Lawyers for a nurse convicted of murdering four elderly patients at hospitals in Leeds have referred his case to the Criminal Cases Review Commission.
Glasgow-born Colin Norris was jailed for at least 30 years in March 2008 for murdering the patients and attempting to kill a fifth at Leeds General Infirmary and St James’s Hospital in 2002.
His trial, at Newcastle Crown Court, was told his crimes were discovered after Ethel Hall, 86, who did not have diabetes, was injected with a massive, fatal dose of insulin which reduced the sugar content in her blood to a level which starved her brain of the glucose needed to function properly. Her insulin levels were 12 times the norm and she died three weeks later.
The four who died were being treated for hip fractures and suffered fatal brain damage due to the hypoglycaemic attacks which were said to be rare in non-diabetics but following recent claims by an insulin expert that his research shows that hypoglycaemic episodes (people slipping into comas) are not “that rare” among elderly patients in hospitals, lawyers have referred the matter to the Criminal Cases Review Commission, the independent public body set up to investigate possible miscarriages of justice in England, Wales and Northern Ireland.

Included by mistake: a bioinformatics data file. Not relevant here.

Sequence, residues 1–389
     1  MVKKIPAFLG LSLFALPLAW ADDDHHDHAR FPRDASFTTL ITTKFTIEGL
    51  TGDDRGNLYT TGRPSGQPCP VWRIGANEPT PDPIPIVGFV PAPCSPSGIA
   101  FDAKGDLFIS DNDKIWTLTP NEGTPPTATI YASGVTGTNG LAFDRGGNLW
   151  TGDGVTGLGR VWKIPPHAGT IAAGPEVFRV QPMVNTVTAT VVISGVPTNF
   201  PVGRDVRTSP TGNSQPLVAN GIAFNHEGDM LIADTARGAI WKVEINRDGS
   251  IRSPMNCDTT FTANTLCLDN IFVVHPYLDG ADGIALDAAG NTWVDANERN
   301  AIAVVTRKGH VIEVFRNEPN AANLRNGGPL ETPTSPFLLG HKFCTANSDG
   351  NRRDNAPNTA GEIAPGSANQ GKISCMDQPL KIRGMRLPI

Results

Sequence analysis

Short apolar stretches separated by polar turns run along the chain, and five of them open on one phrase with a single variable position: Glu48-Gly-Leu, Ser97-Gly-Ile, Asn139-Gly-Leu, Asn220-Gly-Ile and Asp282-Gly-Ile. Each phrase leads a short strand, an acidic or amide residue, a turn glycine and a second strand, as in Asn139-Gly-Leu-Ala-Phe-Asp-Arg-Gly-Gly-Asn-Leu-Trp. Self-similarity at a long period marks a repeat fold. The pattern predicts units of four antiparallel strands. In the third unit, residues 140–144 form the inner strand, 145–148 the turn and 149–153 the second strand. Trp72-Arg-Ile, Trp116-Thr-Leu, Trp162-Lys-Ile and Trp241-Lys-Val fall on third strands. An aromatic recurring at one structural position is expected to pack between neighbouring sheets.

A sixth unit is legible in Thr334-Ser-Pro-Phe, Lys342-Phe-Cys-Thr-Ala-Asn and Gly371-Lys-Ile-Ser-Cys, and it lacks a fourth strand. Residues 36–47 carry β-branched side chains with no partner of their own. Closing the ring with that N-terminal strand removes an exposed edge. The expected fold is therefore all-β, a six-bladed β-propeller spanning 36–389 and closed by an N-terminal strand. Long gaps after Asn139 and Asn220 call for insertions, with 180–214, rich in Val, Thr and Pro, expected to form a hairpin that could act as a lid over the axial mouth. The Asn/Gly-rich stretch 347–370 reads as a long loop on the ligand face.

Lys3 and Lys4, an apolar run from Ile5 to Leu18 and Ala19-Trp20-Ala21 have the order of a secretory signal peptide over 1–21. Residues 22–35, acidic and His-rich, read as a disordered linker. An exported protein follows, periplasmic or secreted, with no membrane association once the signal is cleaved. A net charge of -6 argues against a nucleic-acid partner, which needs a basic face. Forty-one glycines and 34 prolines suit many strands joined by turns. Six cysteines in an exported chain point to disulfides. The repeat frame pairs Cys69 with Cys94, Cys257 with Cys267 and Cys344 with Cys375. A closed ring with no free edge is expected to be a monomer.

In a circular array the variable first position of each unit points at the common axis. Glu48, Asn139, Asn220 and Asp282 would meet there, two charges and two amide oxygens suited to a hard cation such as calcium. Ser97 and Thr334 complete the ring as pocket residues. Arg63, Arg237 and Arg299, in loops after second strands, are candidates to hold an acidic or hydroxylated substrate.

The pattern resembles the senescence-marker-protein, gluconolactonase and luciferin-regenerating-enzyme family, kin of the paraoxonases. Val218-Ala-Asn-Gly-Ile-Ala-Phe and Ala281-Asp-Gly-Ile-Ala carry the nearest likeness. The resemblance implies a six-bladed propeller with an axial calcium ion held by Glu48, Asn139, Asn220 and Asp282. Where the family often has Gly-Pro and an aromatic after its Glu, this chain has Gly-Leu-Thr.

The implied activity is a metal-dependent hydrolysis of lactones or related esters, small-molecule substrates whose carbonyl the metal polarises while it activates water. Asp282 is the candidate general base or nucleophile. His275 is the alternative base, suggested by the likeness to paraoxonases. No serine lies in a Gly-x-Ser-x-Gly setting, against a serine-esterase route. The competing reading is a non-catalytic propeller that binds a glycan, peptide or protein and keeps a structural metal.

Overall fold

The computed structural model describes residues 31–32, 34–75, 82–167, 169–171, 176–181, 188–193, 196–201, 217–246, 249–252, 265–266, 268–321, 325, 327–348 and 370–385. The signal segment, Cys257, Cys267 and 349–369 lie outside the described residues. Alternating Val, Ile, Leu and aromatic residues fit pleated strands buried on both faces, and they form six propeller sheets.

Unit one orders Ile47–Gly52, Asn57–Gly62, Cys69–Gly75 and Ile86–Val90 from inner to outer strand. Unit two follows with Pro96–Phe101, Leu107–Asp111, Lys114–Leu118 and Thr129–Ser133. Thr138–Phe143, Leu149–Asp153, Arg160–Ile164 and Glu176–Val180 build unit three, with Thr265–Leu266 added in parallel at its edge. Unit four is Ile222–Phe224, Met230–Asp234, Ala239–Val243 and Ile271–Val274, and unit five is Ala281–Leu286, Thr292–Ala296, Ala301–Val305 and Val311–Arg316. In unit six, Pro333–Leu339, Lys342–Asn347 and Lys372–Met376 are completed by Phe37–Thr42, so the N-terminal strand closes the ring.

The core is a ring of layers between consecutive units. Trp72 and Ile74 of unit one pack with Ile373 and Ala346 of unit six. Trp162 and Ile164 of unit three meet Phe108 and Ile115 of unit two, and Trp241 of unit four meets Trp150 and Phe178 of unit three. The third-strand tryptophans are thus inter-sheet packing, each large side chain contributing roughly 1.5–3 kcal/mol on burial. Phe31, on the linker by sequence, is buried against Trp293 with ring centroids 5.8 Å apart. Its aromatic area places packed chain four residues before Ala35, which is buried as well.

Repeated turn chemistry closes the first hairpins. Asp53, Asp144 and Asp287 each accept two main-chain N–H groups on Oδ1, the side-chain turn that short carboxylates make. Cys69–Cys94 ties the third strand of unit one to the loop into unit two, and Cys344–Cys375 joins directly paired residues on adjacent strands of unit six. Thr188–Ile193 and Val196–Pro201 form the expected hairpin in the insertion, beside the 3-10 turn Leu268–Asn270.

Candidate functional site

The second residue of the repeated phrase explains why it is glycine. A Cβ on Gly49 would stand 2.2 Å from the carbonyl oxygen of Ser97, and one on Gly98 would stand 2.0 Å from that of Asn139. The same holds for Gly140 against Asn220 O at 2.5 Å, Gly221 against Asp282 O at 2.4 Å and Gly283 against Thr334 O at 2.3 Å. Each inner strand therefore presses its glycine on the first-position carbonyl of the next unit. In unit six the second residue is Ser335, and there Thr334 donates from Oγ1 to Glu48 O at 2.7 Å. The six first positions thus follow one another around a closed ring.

Jeremy Moore, of Carter Moore Solicitors, said the application to the Criminal Cases Review Commission on behalf of Colin Norris was supported by compelling new evidence on insulin poisoning.
Norris has always denied injecting patients with insulin but lost an appeal in December 2009.